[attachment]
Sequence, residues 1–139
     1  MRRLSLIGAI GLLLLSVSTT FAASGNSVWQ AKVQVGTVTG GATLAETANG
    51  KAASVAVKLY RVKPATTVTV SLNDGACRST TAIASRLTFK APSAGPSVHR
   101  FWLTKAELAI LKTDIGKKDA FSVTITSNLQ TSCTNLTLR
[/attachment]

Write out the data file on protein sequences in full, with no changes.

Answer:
Sequence, residues 1–139
     1  MRRLSLIGAI GLLLLSVSTT FAASGNSVWQ AKVQVGTVTG GATLAETANG
    51  KAASVAVKLY RVKPATTVTV SLNDGACRST TAIASRLTFK APSAGPSVHR
   101  FWLTKAELAI LKTDIGKKDA FSVTITSNLQ TSCTNLTLR